Fly Fishing Colorado’s Summer Hatches

At Vail Valley Anglers, we are fortunate enough to have access to several rivers which provide fairly predictable insect emergences each summer. While the timing and intensity of these hatches may vary from year to year, each one brings it own unique fly fishing challenges and rewards. Now is the time to get prepared for some of the best dry fly fishing of the year on streams like the Eagle River, Roaring Fork River and the upper Colorado River.

Here is a few of the hatches we’ll begin seeing soon and some flies to match them:

Eagle River Post-Runoff Caddis Hatch


The Eagle is dropping and clearing nicely after some very big flows. Soon, as water temperatures climb into the fifties we’ll begin seeing our first summer caddis hatches on this stream. This hatch also occurs on the Roaring Fork. These bugs hatch in big numbers for at least a couple weeks and the trout key on them until other hatches take over. This particular caddis is a tan colored size 12-14 insect which tapers down to a 16 later in the summer. Expect good action from early morning through early afternoon and then again in the evening. Good nymph patterns include Hare’s Ears, Guide’s Choice and Sparkle Pupae. For dry flies try the reliable Elk Hair Caddis, Tan Stimulator, or Tan Foam Caddis.

Green Drakes on the Roaring Fork
green drak

The world famous Green Drake Hatch occurs on the Lower Colorado, the Roaring Fork River and the Frying Pan. To a lesser degree these big olive mayflies are also present in the Eagle and Gore Creek. Timing of this hatch changes from year to year depending on water flows and temperatures. The bugs usually show up first near Glenwood Springs on the Colorado River in late June and work their way up the Roaring Fork in early July. The hatch takes a turn up the Frying Pan as well and the hatch there lasts well into August. These are big insects that attract attention from large trout. Emergence seems to occur late in the morning with another flurry of activity in the evenings. Good nymph patterns include Mercer’s Poxyback Drake, Prince Nymph, and Olive Guide’s Choice, all in #10 or 12. Efffective dry flies are large #10-12 Parawulffs, Parachute Adams and Green Drake Cripples.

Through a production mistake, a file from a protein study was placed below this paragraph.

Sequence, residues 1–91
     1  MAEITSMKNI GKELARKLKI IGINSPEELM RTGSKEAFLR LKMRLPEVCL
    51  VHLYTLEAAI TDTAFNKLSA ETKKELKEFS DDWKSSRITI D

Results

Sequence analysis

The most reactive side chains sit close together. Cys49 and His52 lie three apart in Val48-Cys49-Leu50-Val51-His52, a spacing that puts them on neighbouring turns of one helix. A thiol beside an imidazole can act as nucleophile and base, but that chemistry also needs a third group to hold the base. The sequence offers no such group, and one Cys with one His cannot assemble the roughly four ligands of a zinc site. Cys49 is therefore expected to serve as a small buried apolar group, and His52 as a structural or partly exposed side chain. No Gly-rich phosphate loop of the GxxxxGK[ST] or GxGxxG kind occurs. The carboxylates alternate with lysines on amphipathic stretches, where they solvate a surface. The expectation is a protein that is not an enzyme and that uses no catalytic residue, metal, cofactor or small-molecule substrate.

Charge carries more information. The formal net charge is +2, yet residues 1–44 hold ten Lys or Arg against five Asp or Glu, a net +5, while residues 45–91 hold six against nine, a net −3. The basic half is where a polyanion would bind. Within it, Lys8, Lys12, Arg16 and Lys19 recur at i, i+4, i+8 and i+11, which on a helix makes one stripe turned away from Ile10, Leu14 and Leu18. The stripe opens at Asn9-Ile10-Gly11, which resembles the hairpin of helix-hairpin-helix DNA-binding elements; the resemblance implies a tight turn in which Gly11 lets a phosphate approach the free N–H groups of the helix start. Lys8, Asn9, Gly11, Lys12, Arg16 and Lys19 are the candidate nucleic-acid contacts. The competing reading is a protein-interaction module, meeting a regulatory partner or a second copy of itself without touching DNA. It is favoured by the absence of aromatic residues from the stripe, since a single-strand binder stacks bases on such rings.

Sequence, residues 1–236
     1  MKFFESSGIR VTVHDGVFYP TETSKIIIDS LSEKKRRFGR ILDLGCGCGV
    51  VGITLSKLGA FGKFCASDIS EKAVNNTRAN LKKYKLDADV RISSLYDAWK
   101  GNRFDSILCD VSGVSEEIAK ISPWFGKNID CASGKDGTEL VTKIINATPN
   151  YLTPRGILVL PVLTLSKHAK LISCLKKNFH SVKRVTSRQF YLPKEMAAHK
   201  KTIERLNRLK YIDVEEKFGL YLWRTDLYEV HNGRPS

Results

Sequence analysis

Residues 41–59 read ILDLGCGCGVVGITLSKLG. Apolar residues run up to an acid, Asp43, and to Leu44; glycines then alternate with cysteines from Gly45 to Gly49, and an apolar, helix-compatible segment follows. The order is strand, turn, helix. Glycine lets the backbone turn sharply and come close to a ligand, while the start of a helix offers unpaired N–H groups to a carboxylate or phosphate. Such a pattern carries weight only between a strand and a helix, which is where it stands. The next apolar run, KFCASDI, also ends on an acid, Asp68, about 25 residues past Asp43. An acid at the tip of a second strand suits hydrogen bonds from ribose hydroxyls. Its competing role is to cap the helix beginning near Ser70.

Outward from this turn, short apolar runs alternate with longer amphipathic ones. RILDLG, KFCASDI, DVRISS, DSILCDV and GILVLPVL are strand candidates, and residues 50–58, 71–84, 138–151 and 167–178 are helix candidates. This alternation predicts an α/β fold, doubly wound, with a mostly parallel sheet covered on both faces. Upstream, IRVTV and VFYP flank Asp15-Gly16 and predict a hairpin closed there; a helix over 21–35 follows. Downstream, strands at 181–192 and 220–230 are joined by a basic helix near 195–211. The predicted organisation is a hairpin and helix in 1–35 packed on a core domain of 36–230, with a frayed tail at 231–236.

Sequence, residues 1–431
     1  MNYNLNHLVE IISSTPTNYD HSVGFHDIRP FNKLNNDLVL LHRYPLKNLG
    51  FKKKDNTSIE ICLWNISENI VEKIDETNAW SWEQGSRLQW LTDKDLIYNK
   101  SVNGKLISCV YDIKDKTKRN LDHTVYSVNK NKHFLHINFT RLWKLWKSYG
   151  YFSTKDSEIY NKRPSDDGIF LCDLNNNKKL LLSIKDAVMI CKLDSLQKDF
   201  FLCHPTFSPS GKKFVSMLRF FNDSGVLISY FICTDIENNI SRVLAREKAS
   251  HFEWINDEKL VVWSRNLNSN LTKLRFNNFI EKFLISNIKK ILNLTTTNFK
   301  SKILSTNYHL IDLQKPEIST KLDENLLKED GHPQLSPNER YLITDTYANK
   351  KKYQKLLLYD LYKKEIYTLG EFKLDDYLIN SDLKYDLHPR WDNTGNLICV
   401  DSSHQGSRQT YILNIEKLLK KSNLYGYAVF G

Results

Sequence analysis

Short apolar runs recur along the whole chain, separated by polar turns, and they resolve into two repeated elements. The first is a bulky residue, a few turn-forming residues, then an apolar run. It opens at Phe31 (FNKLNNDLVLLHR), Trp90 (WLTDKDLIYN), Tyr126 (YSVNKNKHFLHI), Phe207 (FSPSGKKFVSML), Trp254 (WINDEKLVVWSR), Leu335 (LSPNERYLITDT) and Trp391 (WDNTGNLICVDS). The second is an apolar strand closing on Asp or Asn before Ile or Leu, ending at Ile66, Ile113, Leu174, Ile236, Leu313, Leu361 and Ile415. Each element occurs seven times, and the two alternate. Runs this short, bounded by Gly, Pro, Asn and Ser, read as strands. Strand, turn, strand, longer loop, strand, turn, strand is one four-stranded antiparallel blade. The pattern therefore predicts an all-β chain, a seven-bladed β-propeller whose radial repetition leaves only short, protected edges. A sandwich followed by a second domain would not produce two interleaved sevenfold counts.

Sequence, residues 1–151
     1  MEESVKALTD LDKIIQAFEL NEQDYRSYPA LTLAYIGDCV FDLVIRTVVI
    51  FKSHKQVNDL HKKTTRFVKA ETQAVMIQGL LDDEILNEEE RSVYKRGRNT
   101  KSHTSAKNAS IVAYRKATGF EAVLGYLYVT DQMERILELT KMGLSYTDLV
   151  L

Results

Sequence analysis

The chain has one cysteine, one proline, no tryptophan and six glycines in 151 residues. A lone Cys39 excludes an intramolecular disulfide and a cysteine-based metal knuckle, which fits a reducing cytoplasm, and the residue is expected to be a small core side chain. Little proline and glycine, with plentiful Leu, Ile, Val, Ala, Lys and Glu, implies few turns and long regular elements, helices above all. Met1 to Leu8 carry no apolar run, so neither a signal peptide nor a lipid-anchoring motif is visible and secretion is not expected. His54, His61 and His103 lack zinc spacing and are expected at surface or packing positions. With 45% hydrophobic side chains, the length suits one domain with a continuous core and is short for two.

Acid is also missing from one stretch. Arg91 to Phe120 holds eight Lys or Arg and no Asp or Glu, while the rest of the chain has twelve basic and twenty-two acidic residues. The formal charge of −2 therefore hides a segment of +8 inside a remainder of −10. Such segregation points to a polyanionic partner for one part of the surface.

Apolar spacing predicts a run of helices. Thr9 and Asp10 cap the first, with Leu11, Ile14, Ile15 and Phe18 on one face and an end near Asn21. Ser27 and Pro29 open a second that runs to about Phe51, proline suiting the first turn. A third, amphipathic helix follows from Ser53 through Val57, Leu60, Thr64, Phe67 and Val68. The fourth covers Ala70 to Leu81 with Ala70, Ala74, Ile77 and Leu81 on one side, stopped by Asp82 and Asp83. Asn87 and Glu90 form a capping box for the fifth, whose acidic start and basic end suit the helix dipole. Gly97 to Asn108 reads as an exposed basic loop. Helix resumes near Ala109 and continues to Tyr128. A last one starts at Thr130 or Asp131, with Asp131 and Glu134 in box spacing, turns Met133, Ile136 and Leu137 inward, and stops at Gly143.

Pale Morning Duns

Next in line to show up are the pinkish hued Pale Morning Dun mayflies. They start with some bigger #14 adults, run about a size 16 on average, ending with smaller specimens down to size #20 hatching as summer progresses. This is a hatch that trout fixate on because the mayflies hatch in big numbers for extended periods of time throughout the day. The hatch usally begins on all area rivers between early and mid-July but sometimes they show up even earlier if water conditions are ideal. The PMDs are often hatching while other insects such as Caddis, Drakes or Yellow Sallies are present so anglers need to pay attention to what the trout are looking for. Before the hatch in the morning, tie on a Quasimodo Pheasant Tail, Red Copper John or Barr’s PMD Emerger. Dry fly choices include Orange Parachute, Pink Foam PMD Parachute, or PMD Parawulff.

Yellow Sallies
Yellow Sally

These small, bright yellow stoneflies are present in all area rivers and seem to have had stronger emergences in recent years, becoming more important to the trout. ¬†Expect to see big hatches on the Eagle and Roaring Fork in particular. Average size runs between 14 and 16. Trout seem to love this hatch, perhaps because the nymphs aren’t strong swimmers, emerging slowly but the adults really seem get pounded because they are weak fliers that stay on the water a long time. Hatches seem to occur from late morning through the afternoon when temperatures are warmer. This is another hatch that can occur amidst the emergence of other insects, or masking hatches. While I prefer to fish dries during the Yellow Sally hatch, good nymphs are small gold Copper Johns or yellow Wired Stones. On the surface fish with dead drifted Puterbaugh’s Yellow Foam Stones, yellow elk hair caddis or the Corn Fed Sally. Sometimes the trout prefer a dry fly with a red butt to mimic female adults ready to lay eggs.

These are the hatches local and visiting anglers are likely to see during the early part of summer here in Vail, Colorado. Each hatch provides excellent fishing for our wild trout. The Vail Valley Anglers fly shop in Edwards is stocked on flies for the summer and will have up to date reports on fly fishing the latest hatch. Guided fly fishing trips are going out daily and having success and each day the conditions are only getting better. We are looking forward to a summer of fantastic fly fishing.

Brody Henderson, Senior Guide and Web Content Writer